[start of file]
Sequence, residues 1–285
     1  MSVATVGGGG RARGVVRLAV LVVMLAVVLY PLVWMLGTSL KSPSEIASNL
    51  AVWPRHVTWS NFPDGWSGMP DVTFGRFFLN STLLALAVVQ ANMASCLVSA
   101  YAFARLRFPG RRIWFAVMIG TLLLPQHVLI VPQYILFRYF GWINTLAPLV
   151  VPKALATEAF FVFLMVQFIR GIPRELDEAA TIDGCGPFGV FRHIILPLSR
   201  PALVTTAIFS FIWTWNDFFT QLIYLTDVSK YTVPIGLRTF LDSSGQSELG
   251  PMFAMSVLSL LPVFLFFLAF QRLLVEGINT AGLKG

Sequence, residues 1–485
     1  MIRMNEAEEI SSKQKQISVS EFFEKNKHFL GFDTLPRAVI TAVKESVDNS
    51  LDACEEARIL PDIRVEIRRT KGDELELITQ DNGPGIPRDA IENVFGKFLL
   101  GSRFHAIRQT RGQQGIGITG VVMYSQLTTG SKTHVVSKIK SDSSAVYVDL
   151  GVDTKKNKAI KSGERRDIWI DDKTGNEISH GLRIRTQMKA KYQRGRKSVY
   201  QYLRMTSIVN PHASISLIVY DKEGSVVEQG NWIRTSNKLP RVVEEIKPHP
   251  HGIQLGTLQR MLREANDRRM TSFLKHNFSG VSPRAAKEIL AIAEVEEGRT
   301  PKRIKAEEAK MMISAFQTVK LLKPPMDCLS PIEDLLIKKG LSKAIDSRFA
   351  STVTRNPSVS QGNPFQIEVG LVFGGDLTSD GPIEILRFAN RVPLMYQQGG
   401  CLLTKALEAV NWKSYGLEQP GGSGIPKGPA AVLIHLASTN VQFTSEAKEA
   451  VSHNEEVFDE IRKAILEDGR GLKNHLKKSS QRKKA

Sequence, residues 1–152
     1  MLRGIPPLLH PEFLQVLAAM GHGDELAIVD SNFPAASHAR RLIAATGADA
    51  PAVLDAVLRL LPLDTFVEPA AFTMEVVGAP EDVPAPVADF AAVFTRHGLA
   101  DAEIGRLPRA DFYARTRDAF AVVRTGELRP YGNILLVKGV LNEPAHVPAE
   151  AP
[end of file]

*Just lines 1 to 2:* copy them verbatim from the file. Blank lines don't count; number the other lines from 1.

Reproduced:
Sequence, residues 1–285
     1  MSVATVGGGG RARGVVRLAV LVVMLAVVLY PLVWMLGTSL KSPSEIASNL